Airport Privatisation: How To Reap The Benefits And Avoid The Pitfalls
While there is relatively little airport privatisation activity in the Middle East, Saudi Arabia is privatising its airports by way of a concession process that will ultimately embrace all of them. Meanwhile, there are comparatively few investing organisations in the Middle East that take an interest in airport privatisation elsewhere, other than sovereign wealth funds and the occasional airline. Could the airport operators be more adventurous in this respect or is it the case that the bigger ones have enough to worry about at home? Looking beyond the region, over the last couple of years there have been quite a few deals concerning mid-sized airports, and a recent concentration of activity in countries such as Brazil and Japan. But there have been few big transactions and some of the main players of previous years and decades have withdrawn from the sector.
- What can Saudi Arabia learn from transactions that have taken place elsewhere in the world and are there circumstances there, and in the region generally, which might cause external investors to be wary?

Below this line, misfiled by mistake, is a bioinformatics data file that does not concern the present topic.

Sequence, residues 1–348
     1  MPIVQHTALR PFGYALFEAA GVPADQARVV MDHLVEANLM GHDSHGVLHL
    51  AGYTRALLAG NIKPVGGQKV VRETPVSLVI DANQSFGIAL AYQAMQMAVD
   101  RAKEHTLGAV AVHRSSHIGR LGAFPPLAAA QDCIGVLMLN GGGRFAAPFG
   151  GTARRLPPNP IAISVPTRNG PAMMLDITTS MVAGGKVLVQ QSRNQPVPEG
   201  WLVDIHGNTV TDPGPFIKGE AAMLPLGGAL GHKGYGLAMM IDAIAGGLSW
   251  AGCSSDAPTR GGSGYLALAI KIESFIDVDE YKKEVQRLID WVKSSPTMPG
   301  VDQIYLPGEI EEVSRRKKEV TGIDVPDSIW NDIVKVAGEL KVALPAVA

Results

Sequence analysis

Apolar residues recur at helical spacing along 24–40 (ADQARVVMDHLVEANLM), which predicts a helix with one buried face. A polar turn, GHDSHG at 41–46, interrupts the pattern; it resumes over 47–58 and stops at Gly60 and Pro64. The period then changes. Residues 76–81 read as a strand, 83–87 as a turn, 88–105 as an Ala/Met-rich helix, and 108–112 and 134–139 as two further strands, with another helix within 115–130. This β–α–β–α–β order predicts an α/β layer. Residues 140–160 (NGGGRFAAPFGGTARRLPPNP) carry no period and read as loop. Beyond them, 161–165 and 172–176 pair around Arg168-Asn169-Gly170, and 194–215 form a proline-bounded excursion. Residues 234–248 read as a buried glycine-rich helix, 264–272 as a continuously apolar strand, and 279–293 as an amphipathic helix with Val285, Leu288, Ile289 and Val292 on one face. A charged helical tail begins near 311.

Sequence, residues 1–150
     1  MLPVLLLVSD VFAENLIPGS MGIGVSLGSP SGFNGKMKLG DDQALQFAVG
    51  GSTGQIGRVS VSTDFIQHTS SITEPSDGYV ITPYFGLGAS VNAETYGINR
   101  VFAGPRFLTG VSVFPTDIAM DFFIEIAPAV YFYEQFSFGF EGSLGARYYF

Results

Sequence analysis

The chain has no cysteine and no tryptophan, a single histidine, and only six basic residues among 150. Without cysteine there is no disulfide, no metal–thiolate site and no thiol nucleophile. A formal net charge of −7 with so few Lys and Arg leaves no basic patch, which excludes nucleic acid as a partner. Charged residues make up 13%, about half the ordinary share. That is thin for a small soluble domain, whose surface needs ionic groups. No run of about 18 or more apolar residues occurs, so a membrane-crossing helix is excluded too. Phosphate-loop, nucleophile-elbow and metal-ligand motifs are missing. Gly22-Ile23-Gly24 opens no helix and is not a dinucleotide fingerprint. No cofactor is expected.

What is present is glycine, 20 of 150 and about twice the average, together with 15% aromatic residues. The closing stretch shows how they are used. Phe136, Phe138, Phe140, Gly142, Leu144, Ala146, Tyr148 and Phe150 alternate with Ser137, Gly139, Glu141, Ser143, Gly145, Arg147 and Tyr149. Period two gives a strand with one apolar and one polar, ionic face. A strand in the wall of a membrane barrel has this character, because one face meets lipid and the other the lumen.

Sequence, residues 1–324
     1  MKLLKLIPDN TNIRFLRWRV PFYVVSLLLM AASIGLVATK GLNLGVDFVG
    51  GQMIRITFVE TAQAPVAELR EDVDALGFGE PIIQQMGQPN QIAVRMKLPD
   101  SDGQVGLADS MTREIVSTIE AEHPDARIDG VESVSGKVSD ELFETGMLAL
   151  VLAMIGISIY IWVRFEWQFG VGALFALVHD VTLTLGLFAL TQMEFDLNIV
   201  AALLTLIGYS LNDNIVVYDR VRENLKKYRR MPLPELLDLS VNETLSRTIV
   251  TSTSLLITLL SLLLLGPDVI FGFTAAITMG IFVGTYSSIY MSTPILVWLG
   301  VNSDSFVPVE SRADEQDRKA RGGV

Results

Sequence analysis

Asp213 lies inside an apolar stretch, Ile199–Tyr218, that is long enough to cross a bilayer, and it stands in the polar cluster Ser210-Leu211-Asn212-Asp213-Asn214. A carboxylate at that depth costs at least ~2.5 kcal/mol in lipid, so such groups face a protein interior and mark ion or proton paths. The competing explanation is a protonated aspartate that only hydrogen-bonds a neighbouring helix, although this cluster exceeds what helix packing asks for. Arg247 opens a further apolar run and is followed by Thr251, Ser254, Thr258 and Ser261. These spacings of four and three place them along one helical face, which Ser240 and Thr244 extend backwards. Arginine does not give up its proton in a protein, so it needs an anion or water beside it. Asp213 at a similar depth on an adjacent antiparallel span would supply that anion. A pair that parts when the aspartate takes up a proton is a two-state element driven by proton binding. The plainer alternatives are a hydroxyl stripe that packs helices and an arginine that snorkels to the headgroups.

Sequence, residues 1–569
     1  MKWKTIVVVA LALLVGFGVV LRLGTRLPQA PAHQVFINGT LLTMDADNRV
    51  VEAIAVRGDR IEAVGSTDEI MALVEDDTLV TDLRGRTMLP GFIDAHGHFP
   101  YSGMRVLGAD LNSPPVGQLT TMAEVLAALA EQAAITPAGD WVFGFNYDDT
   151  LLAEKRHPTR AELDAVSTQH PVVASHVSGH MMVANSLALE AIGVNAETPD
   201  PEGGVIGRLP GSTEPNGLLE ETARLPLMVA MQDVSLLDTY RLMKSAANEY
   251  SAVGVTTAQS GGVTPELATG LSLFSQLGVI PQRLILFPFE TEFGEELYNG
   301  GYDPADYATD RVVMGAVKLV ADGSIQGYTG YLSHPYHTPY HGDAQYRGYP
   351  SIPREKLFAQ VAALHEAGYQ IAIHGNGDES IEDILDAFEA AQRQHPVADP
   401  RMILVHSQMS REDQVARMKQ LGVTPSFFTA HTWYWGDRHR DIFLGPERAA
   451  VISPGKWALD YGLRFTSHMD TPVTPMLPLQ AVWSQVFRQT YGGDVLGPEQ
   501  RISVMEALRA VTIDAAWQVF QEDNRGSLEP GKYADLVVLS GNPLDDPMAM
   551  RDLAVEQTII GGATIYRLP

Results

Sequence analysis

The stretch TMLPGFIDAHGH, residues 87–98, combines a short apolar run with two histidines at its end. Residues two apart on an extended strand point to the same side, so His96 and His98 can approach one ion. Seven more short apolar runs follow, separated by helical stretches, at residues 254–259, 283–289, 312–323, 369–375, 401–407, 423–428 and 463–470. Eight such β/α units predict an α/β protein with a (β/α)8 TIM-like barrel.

- The public-private-partnership (P3) in its various forms has become the staple for partial privatisation in many parts of the world. How appropriate is it to this region?
- Is there enough expertise, let alone will, in the region, to invest and operate abroad?
- How will airport privatisation activity evolve in the future?
- Will airports always be regarded as desirable assets (and not only by pension funds) or, bearing in mind the phenomenal rate of technological change at the moment in arenas such as space and sub-space travel and hyperloops, from an investor’s perspective might their days be numbered?
Moderator: PrivateAir Saudi Arabia, General Manager, Dr. Fethi Chebil
- Egis, Middle East & South Asia Aviation Director, Jacques Khoriaty
- VINCI Airports, CCO, Pierre-Hugues Schmit